Indoor Air Cartoon Journal, November 2019, Volume 2, #83
Most odour problems and the inability of the facility managers (FM) to identify and eliminate the root causes of the problems are mainly due to poor design for maintainability. Poor design for ventilation and accessibility to different parts of a building are examples of poor design for maintainability. Ventilation is very effective in reducing odour in buildings. Easy accessibility aids effective investigation and remediation of odour problems in buildings. Poor design usually leads FM to adopt unhealthy practices. An example of such practices is the use of air fresheners to mask odour in buildings. Evidence in the literature suggests the adverse health and discomfort implications of building occupants being exposed to a high concentration of VOCs from air fresheners.
The use of air fresheners to mask permanent or reoccurring odour could lead to a high concentration of VOCs. Some facility managers, however, see air fresheners as an easy solution to improve indoor air quality, even if they could access different aspects of the building to investigate the source of the odour. Unfortunately, the seemingly pleasant smell from air fresheners could introduce harmful chemicals into indoor air directly or through indoor air chemistry. Vulnerable building occupants, children, elderly, people with history of respiratory problems or sensitivity to chemicals, are at risk of experiencing sick building syndrome (SBS) symptoms such as eye, nose and throat irritation, a sensation of dry mucous membranes, mental fatigue, headache, airway infection, cough, wheezing, nausea, and dizziness.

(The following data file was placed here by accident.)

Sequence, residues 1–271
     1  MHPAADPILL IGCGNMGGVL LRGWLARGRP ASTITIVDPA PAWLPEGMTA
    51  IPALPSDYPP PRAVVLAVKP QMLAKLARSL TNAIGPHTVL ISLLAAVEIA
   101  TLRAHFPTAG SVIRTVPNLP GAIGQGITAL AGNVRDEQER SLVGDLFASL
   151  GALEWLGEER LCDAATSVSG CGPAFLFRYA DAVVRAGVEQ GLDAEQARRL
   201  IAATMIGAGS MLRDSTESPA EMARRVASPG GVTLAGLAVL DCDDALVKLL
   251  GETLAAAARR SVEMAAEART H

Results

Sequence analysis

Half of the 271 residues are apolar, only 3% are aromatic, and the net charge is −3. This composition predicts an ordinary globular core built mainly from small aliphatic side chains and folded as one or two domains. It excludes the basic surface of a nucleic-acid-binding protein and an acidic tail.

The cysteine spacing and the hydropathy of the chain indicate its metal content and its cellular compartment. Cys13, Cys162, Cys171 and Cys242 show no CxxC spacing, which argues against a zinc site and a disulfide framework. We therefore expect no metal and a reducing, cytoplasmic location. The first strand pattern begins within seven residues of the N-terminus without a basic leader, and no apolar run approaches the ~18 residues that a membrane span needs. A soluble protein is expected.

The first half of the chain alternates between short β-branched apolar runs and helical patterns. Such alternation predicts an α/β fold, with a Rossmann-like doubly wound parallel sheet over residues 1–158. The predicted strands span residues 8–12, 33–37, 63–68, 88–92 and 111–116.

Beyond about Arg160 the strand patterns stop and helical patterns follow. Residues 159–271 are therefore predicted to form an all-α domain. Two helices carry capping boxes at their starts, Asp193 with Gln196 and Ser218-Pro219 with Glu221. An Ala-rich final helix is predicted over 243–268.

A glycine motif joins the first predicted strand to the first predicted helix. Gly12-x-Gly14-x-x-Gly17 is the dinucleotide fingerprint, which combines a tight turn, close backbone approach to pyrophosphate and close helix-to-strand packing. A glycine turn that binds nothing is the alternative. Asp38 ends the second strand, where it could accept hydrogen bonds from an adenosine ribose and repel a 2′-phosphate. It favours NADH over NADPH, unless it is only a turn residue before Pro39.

Spending resources to mask building odour or the flaws of not identifying or inability to discover the source of the odour is regarded as inventory waste in lean. Inventory waste leads to low FM productivity because of compromised safety, cost, and quality. The time needed to sustainably resolve the odour problem is also elongated. The understanding from this week’s issue is not limited to IAQ; it is also relevant to all aspects of FM practices.
Do you want to know more about this topic? Read O’Neill et al. (1992) and Steinemann (2017) papers.